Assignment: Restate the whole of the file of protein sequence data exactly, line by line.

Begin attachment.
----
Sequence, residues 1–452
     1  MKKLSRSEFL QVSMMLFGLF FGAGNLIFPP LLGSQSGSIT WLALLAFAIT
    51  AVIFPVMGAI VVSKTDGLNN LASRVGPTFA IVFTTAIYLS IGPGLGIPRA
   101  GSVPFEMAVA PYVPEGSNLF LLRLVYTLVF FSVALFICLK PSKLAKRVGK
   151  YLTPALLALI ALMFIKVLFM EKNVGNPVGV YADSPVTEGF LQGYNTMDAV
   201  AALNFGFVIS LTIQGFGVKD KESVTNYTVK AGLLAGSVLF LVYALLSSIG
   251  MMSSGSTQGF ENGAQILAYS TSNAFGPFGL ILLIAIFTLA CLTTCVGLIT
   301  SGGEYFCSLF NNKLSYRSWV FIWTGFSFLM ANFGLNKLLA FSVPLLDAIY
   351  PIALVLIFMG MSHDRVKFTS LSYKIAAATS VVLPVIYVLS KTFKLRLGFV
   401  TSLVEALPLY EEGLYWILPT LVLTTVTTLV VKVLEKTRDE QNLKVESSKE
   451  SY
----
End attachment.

Sequence, residues 1–452
     1  MKKLSRSEFL QVSMMLFGLF FGAGNLIFPP LLGSQSGSIT WLALLAFAIT
    51  AVIFPVMGAI VVSKTDGLNN LASRVGPTFA IVFTTAIYLS IGPGLGIPRA
   101  GSVPFEMAVA PYVPEGSNLF LLRLVYTLVF FSVALFICLK PSKLAKRVGK
   151  YLTPALLALI ALMFIKVLFM EKNVGNPVGV YADSPVTEGF LQGYNTMDAV
   201  AALNFGFVIS LTIQGFGVKD KESVTNYTVK AGLLAGSVLF LVYALLSSIG
   251  MMSSGSTQGF ENGAQILAYS TSNAFGPFGL ILLIAIFTLA CLTTCVGLIT
   301  SGGEYFCSLF NNKLSYRSWV FIWTGFSFLM ANFGLNKLLA FSVPLLDAIY
   351  PIALVLIFMG MSHDRVKFTS LSYKIAAATS VVLPVIYVLS KTFKLRLGFV
   401  TSLVEALPLY EEGLYWILPT LVLTTVTTLV VKVLEKTRDE QNLKVESSKE
   451  SY